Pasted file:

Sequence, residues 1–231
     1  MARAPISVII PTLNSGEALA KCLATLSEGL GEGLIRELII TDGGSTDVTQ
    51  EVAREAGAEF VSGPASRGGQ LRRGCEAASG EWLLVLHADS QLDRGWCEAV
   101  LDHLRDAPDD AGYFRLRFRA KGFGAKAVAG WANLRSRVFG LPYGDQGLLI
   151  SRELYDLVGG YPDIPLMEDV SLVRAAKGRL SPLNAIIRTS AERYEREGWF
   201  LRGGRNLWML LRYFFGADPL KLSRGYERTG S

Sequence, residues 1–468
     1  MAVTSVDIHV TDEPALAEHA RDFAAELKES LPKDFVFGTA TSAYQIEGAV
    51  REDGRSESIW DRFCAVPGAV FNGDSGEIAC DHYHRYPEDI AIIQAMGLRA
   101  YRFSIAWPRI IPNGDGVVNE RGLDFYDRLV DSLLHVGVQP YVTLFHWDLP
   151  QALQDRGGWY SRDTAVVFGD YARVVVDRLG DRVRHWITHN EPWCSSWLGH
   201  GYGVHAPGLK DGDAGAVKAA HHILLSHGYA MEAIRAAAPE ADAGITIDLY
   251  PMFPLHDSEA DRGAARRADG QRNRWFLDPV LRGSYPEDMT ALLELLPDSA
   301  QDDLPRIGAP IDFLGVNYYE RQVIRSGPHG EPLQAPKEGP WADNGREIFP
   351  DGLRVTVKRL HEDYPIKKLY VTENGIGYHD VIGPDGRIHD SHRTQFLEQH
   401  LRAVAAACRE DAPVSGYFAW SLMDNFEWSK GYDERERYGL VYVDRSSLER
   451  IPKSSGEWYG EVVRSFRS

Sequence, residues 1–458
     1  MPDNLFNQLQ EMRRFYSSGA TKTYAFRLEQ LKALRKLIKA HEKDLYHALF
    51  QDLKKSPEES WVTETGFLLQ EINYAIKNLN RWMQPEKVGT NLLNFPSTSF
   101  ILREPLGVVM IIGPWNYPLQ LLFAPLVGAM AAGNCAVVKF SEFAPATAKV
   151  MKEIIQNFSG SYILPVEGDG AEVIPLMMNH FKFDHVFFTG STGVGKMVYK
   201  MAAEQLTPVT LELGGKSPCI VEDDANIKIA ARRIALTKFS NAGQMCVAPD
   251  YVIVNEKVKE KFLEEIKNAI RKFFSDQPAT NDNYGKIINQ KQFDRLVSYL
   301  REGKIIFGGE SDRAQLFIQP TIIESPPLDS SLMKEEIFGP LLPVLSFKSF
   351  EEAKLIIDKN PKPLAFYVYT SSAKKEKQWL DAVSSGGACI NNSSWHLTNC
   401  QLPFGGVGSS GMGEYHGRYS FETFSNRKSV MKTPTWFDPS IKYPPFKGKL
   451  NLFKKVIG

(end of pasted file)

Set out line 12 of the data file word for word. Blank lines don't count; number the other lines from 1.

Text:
   201  GYGVHAPGLK DGDAGAVKAA HHILLSHGYA MEAIRAAAPE ADAGITIDLY